The IDEA Blog

LBS Session B: Love and Learning, Boricua Style

IDEA's Learning Breakthrough Series came together in Puerto Rico in September for Learning Session B. We were fifty educators, organizers, and community leaders across seven teams from Mississippi, Oregon, Vermont, New York City, Minnesota, New England, and Puerto Rico, plus National Fellows who function as LBS Advisors, IDEA Staff, and facilitators. This was the second of four gatherings of the LBS, following on the heels of the first of the three Action Periods.

The LBS, as decribed in prior posts about Session A and the first Action Period, is a deep-dive research and action process designed to generate knowledge and learning around a focus question, which for this LBS is:

What connections and approaches to practice, policy, public narrative, and strategy support the meaningful and sustained engagement of all young people and communities in education, while honoring the wisdom and differences of varying local contexts? 

Our challenge over the four days of Session B: to share team progress and challenges, support teams in creating a new plan for the next action period, begin work towards a shared analysis across teams, and ground our work in the culture, history, and reality of the Puerto Rican, or Boricua, nation.  

Our time in Puerto Rico was structured around group learning experiences and conversations alongside team-focused time to reflect and build out local plans of action. Inspired by feedback from Session A and the suggestion by Boricua Team co-Senior Fellow Josué McGrath Rosario, the driver sessions -- time to focus on how change happens in the four drivers of education practice, policy, public narrative, and strategy -- were constructed as opportunities to learn about and engage with ongoing projects and leaders in Puerto Rico. This gave everyone the chance to dive into actual successes and challenges in Puerto Rico, and, in the case of the practice driver, the opportunity to see two powerful schools in action: Diego Vazquez Elementary...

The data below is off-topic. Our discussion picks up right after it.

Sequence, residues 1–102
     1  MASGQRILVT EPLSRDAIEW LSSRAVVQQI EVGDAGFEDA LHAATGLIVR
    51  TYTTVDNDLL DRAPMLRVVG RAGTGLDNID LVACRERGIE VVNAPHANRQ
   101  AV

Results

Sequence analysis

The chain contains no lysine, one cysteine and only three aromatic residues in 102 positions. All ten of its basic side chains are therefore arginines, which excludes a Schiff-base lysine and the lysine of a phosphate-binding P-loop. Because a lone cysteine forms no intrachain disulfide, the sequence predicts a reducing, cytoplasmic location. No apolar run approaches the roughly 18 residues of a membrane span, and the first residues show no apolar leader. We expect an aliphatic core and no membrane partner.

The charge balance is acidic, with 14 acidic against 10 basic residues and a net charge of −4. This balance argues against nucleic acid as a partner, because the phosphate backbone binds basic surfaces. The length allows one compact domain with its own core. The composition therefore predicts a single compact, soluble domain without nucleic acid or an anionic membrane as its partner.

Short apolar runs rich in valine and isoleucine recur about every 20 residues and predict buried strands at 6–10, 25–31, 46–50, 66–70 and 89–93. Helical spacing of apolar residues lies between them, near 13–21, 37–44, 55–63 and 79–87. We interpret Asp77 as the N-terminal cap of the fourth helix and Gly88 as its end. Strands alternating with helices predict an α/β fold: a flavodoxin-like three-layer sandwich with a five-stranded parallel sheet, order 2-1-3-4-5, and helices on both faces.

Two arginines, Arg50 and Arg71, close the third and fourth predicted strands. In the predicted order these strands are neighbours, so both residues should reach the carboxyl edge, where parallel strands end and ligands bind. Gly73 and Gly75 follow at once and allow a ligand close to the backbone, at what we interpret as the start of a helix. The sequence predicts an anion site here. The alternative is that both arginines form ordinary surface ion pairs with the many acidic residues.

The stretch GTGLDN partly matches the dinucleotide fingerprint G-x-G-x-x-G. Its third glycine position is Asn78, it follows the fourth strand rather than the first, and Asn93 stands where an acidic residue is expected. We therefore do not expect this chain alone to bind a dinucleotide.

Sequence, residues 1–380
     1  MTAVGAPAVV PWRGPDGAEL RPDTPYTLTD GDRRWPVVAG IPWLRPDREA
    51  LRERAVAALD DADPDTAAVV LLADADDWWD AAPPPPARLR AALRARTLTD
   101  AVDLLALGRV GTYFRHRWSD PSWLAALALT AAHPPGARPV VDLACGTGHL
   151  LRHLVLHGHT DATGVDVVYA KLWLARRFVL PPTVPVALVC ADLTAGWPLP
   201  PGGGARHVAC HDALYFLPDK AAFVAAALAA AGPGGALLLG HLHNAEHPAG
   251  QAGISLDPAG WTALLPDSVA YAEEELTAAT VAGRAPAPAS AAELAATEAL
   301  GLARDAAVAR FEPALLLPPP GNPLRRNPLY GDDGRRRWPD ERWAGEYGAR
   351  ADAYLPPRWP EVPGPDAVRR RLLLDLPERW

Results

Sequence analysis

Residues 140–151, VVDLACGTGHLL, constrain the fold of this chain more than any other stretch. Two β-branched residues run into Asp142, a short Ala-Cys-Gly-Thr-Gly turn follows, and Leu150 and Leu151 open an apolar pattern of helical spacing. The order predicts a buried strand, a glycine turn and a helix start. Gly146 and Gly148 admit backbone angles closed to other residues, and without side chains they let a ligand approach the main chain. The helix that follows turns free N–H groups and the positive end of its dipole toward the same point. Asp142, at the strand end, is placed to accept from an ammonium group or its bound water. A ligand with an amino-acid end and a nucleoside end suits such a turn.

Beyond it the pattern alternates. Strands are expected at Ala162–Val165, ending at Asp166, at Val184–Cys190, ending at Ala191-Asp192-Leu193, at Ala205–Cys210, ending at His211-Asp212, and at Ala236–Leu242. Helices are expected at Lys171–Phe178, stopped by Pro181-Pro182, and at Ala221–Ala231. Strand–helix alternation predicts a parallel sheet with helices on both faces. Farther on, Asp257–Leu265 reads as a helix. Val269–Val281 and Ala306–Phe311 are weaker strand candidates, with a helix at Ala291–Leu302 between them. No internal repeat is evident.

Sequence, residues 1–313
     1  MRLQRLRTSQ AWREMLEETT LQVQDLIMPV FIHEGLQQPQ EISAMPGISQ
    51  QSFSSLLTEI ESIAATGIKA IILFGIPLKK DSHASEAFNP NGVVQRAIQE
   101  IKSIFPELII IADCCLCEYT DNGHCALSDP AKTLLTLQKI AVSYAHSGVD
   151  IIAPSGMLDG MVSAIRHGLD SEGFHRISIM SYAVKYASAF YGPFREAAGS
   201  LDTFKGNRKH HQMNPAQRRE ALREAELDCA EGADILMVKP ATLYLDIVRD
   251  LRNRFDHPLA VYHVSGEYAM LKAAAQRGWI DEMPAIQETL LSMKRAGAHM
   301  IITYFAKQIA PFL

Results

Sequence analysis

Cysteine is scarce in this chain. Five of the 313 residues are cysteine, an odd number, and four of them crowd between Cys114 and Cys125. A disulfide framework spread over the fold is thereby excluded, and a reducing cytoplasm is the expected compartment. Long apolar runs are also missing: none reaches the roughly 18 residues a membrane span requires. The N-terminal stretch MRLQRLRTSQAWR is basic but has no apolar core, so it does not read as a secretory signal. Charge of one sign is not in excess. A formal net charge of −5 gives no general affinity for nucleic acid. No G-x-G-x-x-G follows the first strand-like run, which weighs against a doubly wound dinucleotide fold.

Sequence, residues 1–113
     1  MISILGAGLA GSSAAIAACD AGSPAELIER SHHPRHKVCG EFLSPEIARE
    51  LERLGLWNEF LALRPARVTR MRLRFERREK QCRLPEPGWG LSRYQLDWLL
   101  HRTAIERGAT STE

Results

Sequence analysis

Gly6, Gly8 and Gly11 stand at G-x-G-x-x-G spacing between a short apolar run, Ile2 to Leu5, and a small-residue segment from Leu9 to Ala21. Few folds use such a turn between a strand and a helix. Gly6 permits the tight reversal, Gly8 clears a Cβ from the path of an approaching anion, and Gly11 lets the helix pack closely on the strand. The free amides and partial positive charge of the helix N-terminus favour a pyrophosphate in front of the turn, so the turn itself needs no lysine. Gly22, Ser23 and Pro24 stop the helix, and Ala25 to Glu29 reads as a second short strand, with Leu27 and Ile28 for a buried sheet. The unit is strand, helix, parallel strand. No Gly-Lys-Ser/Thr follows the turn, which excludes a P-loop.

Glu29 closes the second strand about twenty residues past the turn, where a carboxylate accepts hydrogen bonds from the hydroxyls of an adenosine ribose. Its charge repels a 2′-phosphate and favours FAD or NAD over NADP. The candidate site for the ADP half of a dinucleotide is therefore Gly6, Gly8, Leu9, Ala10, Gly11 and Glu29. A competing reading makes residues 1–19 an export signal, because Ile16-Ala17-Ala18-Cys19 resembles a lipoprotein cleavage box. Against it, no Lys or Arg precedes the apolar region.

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Posted on Oct 21, 2014 - 11:05 AM by Dana Bennis

Sustainable Schools Project Learns from Puerto Rico

Students at Diego Vazquez School. Photo credit David Loitz (c) 2014(c) David Loitz 2014

This is a guest post by Ryan Morra, community organizer collaborating with a Vermont Team supported by IDEA. Ryan works with Shelburne Farms in Vermont as the Education for Sustainability Partnerships Coordinator and EducatorThis blog was first published on Shelburne Farms' website here.

Laughter, clapping, and salsa music filled the air as students from Escuela Diego Vázquez and Nuestra Escuela in Caguas, Puerto Rico enthusiastically guided us through their schools and got us to play some of their local games like gallitos and Chequi Morena. These students spoke with passion about what it means to have teachers and school leaders who care deeply about who they are as unique individuals. Hearing their stories and seeing the fruits of their actions – a radically changed local park, a new urban agriculture farm, marches for social justice, and students and teachers excited to come to school each day – underscored the importance of student-centered learning. One of the many messages I am taking home from la Isla del Encanto is that educating for sustainability must put youth in the driver’s seat of the learning process.

How was it that I ended up in Puerto Rico representing Shelburne Farms? Well, for the last several years, Shelburne Farms has been part of a team working to transform education in the Green Mountain State and elsewhere. Our Vermont team is one of many brought together through IDEA, the Institute for Democratic Education in America. The trip was part of IDEA’s two-year Learning Breakthrough Series, where teams from around the United States and Puerto Rico host a five-day summit to learn from each others’ practices and to highlight bright spots in education in the host community. Before the Learning Breakthrough Series, Vermont hosted education innovation tours that brought in teams from Puerto Rico, Mississippi, Minnesota, Oregon, and New York.